Of course, it’s not enough just to describe your setting and characters with vivid sensory details. Whenever possible, choose adjectives, figurative language, metaphors, and similes that complement the mood of your story. In “A Game of Thrones,” George R. R. Martin describes his character with this phrase: “slender as a knife.” Of course, he could have said any number of things to describe his character: “slender as a toothpick,” “skinny as a stray cat,” or “slim as a stick,” but he didn’t. He chose an item that was relevant to his setting: a knife. And in doing so, he subtly reminds us that the fantasy world he has created is a dangerous one. When you’re choosing between adjectives and metaphors, choose one that reinforces the mood and tone of your story.
Sensory imagery tools
When working with sensory imagery, it can help to employ the time-tested rhetorical tropes used for centuries to help create memorable imagery in literature. Here are a few of the most common and most powerful strategies for enhancing your point.
- Anaphora: The use of repetition to emphasize a point. “He knew they never offered to help with the medical bills. He knew they had plenty of money. He knew it only made him angry to think about it.”
- Hyperbole: The use of exaggeration to bring home a point. “The groceries weighed a ton.”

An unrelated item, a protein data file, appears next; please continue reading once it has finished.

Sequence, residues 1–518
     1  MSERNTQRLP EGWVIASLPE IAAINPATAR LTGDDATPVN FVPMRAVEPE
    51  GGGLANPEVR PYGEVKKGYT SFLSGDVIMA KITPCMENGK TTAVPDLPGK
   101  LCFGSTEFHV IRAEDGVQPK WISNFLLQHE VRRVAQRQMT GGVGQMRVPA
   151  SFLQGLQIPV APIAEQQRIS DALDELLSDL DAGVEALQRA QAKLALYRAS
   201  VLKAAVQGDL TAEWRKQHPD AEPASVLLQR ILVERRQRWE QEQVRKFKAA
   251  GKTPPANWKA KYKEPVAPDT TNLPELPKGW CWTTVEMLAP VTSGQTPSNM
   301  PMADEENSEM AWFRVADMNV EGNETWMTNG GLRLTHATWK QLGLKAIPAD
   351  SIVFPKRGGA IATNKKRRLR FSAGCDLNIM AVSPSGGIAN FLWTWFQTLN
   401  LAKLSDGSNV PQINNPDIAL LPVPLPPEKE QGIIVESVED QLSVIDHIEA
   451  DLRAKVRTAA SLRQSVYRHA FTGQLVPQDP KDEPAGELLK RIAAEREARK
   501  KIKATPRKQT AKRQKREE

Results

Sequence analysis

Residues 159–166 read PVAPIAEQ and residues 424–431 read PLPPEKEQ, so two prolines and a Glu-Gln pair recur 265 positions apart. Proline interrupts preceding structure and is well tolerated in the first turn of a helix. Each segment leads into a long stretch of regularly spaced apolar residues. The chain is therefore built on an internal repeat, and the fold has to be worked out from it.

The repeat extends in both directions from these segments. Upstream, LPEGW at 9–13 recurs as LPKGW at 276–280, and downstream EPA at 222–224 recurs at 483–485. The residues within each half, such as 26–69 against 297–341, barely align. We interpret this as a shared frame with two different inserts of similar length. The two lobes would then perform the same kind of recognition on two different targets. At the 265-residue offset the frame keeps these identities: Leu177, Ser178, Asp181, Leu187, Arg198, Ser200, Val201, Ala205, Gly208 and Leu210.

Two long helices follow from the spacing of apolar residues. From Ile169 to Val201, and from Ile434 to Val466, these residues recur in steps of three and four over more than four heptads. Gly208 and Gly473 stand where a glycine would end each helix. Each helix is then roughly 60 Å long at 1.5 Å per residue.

- Understatement: Deliberately treating something of critical importance with little emphasis. “The birth was rather uncomfortable.”
- Idioms: A common expression or turn of phrase. While most writers shun the use of idioms or clichés — for example, “the elephant in the room” — writers can still use idioms to evoke powerful emotions or bring some humor to the story.
- Personification: Giving an inanimate object the qualities of something human. “The lamp breathed life into the parlor.”
- Synesthesia: Describing one sensory experience in terms of another. “The mood was orange.” “His voice was red with rage.”
- Syllepsis/Zeugma: Using the verb of a phrase to apply to two distinct components of that phrase even though it only logically applies to one: “He switched off the light and his love for Erica.”
- Metonymy: Describing a whole by only a part, such as mentioning a finger to represent the body. “Lend me your ears.” “Give me a hand.”
Improve your writing with sensory imagery
Whether you’re not sure how to make your first novel more engaging or just want to improve your writing in general, using more sensory imagery, whether through similes and metaphors or one of the other strategies talked about here, will bring more life to your writing. And if you’re looking to bring your writing to the next level, try a creative writing online course and learn from the most successful writers around the world.